Charcoal briquette – add a charcoal briquette into your mixture during preparation. This briquette aids in absorbing any foul smell or liquids that might emanate from the whole solution. You are then sure of having a pure sample of good potpourri.
Add some nuts to the mixture; they improve the scent a lot.
Add more oil to the mixture if possible, especially high-quality fragrance oil, the more you add, the better the scent.
Autumn might be the best flower picking season, so utilize it for your potpourri while it lasts.
If the appearance of the potpourri is of importance, keep it out of direct bright sunlight which might bleach or fade it really fast.
Avoid using metal containers which might evoke an unwanted reaction thereby bringing up unwanted scents or diminishing the strength of the potpourri scent. Use glass, plastic or ceramics.
Make sure to keep potpourri away from children or pets, who may be tempted to eat it. It might be toxic, so keep it away from them.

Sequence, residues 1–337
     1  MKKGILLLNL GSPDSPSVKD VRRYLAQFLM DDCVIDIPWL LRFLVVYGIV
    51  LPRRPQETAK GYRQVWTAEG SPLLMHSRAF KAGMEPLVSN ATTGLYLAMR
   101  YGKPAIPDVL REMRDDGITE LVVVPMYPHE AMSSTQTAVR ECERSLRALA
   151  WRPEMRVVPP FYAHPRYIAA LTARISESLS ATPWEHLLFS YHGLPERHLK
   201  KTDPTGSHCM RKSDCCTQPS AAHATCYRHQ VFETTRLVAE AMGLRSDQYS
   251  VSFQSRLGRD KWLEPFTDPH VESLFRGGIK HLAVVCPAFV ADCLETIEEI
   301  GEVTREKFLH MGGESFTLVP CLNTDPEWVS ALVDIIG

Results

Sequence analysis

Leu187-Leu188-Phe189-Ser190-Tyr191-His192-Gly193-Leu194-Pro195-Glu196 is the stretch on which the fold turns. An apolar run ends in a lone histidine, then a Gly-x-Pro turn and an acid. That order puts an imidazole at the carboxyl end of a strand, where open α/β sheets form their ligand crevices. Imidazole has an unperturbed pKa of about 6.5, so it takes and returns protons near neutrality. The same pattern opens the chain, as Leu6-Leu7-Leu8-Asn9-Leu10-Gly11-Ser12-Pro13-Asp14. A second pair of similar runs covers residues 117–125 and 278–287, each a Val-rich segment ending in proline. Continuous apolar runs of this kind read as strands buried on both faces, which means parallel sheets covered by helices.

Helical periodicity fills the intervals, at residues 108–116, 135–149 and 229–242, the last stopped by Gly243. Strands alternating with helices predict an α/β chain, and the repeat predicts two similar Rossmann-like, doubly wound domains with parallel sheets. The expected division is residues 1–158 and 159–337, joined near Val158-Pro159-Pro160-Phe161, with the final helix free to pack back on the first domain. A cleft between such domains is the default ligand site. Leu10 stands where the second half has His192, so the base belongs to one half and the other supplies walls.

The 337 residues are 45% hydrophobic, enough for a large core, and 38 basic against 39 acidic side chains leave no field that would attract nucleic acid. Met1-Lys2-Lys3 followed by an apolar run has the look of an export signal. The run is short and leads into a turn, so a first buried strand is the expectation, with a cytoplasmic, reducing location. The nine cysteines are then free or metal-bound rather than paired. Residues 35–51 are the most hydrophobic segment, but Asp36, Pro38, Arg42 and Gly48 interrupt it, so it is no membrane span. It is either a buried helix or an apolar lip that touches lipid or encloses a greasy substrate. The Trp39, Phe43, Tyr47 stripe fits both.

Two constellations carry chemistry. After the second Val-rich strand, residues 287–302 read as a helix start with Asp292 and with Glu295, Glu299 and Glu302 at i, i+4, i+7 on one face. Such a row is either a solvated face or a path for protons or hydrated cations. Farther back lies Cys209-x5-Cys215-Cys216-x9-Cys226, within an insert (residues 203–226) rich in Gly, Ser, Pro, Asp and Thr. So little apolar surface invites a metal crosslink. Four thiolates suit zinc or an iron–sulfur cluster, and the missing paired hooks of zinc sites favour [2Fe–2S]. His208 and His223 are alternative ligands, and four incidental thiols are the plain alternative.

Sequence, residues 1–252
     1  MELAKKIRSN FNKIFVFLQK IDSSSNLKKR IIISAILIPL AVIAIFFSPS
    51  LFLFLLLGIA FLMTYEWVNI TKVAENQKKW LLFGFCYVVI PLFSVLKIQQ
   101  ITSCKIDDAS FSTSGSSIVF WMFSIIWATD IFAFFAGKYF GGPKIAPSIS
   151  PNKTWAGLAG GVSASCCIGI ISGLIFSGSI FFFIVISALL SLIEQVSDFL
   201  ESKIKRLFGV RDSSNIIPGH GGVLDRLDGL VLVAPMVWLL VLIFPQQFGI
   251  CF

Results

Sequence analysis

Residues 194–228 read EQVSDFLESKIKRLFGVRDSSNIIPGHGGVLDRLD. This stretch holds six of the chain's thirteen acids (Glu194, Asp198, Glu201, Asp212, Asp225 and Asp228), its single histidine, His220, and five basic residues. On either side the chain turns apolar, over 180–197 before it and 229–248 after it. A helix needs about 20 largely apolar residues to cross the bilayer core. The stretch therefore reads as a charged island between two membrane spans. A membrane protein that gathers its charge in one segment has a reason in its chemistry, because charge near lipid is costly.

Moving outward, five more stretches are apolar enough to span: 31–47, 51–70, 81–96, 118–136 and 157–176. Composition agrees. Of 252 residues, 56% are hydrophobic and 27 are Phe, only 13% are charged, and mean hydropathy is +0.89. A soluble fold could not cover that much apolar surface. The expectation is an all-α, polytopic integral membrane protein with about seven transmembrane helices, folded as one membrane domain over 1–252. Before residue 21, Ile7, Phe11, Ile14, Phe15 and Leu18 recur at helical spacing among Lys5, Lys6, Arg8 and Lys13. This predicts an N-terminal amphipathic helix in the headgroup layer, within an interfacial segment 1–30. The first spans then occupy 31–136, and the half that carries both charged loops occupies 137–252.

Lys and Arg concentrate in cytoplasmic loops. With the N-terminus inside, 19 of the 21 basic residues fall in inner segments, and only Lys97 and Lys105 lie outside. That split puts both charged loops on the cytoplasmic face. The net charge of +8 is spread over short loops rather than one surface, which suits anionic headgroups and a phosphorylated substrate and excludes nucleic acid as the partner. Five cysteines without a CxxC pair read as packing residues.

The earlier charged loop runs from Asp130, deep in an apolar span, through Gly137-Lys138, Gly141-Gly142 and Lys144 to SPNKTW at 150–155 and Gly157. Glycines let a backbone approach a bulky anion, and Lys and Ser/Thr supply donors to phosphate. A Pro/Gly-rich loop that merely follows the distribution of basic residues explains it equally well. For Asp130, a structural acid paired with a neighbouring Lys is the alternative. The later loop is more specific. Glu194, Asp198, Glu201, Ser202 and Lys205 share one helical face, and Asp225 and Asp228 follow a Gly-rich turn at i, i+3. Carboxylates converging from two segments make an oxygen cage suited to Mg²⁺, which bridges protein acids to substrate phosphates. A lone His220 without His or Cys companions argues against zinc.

Be sure to check for mold when the potpourri is curing. The whole mixture should be in a dark dry place.
When your potpourri cures you can use it in myriad ways. Like stuffing pillows with it, so your house always smells of the potpourri. Or put it in muslin bags and scent your bath with it.
Have fun exploring with your own blend of potpourri ingredients. Transform your home into this unforgettable place. A place with homely scents that your guests will forever remember.
The way we clean, cook and decorate our homes has changed a lot over the decades. Improvements in home technology have made housekeeping a breeze and not the hard work that homeowners of the past had to endure through manual means. However, there are still some things that never change and have been done in homes for over a century now. Technology hasn’t quite managed to do away with some old-fashioned housekeeping methods.
Some of these ancient housekeeping methods that still work and why they work are as follows:-
The Use Of Baking Soda